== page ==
When I was growing up, there was only one type of Oreo. And, they weren't even kosher. Or vegan.
Now, things are different.
In March of 2012, I blogged about Oreos, then celebrating its 100th birthday. But before you read that post, take a look at Oreo's latest United States flavor.
I posted this picture on Facebook, seconds after seeing it in a supermarket, and it created quite a lively discussion.
Now, it's your turn:
Peeps Oreos - Yea or Nay?
As I have some readers outside the United States, a quick explanation - Peeps are marshmallow candies shaped into various animal shapes. They started out shaped as chicks and sold for the Easter holiday. Now, their products have greatly expanded. People who love them, love them.
I am not a fan, meaning I am probably un-American. Although, I see they come in chocolate now....
Note, since this post was written, the maker of Oreos in the U.S. has changed - now, it is made by Nabisco division of Mondelēz International.
Now, here's one of my Oreo posts, from previous years. I still think Oreo should create an International Sampler. What do you think?
I could say "my favorite cookie" is my spouse's aunt, who turned 100 back in January, but she isn't. Although, she is barely older than a famous cookie, which turned 100 today.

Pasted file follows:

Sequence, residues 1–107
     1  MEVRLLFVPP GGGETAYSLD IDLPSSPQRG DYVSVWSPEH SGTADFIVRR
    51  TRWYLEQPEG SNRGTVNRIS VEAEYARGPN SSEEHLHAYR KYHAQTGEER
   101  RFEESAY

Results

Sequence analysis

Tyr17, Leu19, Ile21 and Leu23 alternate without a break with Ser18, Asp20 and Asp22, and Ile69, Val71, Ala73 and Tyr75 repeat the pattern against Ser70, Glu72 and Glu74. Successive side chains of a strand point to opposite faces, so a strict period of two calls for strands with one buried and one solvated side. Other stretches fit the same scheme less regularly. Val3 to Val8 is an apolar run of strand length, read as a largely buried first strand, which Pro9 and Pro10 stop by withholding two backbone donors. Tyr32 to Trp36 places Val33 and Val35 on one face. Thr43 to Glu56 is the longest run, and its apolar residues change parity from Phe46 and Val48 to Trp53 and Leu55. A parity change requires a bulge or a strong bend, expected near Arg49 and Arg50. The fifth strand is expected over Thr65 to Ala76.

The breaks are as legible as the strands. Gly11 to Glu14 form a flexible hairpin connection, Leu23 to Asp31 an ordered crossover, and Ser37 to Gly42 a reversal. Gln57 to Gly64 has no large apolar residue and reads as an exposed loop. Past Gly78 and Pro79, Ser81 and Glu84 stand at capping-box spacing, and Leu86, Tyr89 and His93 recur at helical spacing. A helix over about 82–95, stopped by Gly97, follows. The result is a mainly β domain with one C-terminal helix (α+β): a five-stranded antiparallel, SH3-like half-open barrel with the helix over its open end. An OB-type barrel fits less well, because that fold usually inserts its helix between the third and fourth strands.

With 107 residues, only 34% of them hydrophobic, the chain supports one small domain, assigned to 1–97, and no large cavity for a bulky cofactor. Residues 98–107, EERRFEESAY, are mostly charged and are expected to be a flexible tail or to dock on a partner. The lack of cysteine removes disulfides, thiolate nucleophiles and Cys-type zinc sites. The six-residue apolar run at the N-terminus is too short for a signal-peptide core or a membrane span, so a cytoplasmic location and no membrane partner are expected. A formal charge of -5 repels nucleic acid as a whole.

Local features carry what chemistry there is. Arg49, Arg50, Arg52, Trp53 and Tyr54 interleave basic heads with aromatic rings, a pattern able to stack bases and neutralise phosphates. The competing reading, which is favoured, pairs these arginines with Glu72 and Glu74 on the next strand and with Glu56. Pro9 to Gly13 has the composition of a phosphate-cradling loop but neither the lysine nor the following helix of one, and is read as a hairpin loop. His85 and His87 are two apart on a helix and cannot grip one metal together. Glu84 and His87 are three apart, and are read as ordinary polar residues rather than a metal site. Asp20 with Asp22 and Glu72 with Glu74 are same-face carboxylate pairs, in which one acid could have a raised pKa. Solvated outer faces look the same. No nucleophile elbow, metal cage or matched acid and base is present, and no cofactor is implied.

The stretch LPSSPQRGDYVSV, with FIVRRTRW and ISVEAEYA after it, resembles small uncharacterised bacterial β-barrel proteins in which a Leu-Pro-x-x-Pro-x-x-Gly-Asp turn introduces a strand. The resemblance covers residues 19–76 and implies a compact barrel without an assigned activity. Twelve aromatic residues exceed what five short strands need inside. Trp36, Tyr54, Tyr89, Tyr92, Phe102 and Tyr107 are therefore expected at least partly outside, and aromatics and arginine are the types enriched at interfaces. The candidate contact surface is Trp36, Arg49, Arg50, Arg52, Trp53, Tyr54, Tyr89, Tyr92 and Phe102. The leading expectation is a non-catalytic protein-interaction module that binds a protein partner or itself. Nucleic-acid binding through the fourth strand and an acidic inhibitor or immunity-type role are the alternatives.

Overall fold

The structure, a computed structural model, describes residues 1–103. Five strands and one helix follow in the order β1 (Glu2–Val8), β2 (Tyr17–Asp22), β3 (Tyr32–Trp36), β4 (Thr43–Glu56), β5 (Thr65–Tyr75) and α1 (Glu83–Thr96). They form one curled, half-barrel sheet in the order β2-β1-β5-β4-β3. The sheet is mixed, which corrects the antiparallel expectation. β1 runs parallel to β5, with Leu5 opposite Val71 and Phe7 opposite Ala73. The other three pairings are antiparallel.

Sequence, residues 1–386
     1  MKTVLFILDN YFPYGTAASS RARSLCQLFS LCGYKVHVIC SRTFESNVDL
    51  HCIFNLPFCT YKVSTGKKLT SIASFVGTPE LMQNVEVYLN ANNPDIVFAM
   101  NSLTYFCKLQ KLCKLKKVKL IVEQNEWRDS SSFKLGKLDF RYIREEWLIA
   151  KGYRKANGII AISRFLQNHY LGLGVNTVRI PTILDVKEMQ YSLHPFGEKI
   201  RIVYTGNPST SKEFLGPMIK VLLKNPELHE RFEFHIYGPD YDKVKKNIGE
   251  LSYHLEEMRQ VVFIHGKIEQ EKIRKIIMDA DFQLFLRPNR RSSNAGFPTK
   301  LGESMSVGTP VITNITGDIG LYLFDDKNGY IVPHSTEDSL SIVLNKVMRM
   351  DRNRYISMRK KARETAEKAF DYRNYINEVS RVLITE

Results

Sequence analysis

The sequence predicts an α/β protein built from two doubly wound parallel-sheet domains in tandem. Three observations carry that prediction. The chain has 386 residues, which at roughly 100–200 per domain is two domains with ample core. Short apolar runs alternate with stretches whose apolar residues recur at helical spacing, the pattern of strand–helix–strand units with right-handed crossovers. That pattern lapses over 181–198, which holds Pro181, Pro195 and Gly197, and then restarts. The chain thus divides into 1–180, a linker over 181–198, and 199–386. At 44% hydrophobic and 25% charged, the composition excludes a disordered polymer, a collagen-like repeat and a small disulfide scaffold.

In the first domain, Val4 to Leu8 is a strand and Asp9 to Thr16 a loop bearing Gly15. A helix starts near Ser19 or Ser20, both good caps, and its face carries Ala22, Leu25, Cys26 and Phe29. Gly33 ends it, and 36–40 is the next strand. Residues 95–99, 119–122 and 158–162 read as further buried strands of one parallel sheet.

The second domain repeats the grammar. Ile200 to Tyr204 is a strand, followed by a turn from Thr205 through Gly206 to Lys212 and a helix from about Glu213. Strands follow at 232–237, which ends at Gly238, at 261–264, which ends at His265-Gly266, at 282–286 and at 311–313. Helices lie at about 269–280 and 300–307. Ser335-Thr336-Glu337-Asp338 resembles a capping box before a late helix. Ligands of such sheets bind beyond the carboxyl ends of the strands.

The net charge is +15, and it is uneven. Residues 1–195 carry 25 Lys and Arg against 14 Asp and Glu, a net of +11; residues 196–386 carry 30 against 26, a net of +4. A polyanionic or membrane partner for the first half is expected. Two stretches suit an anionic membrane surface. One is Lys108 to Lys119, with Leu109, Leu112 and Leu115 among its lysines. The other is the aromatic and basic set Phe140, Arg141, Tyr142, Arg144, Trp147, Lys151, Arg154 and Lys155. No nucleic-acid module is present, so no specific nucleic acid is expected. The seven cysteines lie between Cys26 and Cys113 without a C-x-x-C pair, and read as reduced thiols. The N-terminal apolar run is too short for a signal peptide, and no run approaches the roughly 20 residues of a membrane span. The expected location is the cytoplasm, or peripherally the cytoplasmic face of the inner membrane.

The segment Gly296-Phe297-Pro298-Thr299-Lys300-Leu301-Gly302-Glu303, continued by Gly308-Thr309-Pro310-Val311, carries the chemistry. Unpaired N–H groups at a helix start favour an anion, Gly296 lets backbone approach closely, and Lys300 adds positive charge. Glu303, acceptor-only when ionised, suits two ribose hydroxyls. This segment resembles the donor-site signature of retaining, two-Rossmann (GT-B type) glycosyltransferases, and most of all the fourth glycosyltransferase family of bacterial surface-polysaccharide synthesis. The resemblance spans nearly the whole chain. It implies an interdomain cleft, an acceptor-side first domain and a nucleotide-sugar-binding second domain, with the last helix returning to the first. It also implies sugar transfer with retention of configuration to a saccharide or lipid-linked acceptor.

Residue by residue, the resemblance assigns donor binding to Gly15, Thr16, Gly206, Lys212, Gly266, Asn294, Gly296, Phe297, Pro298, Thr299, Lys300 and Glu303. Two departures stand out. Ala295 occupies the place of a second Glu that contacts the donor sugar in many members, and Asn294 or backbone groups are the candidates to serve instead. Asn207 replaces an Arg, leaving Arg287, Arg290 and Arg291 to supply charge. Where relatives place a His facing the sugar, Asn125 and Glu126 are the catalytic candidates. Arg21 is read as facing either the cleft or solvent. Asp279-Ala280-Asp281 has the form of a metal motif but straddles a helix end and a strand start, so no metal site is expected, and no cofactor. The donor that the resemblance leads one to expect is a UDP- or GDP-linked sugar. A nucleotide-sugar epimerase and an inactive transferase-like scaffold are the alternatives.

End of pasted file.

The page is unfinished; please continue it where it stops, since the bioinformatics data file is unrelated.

Yes, the Oreo.
You Tube has a wonderful video on Facebook for its fans - fireworks in China. It's a "private" video so I can't share it.
I never thought of International Oreos, but they are all over the world. So I won't explain to my readers what Oreos are, except that when I grew up there was only one kind - one flavor. Chocolate cookies with vanilla cream. That's it.
Now, of course, you find regular, chocolate, peanut butter, mint, Double Stuf, Golden Oreos, double delight Oreos that are both regular and golden, fudge covered, Oreos with ice cream stuffing.....
In the United States, our Oreos are made by Kraft Foods. Which leads to a puzzling thing: if you live in the United States, go into your food store and look at the various flavors. Some are made here. Some are made in Canada. I wonder why.
I can kick myself for missing the Birthday Cake Oreo, which I saw in the store, and didn't jump on. Now I know why they had that flavor....(note from 2017 - I've had that flavor since - and don't like it).
And now, as a birthday gift to their fans, I propose that Oreo create an International Sampler. Why? If you look at the list of flavors that have been sold in other countries, some of them sound very interesting:
Blueberry ice cream, lemon ice, orange/mango, dulce de leche, and my favorite, sold in Canada but only sold here for a few months back in 2010...so why not?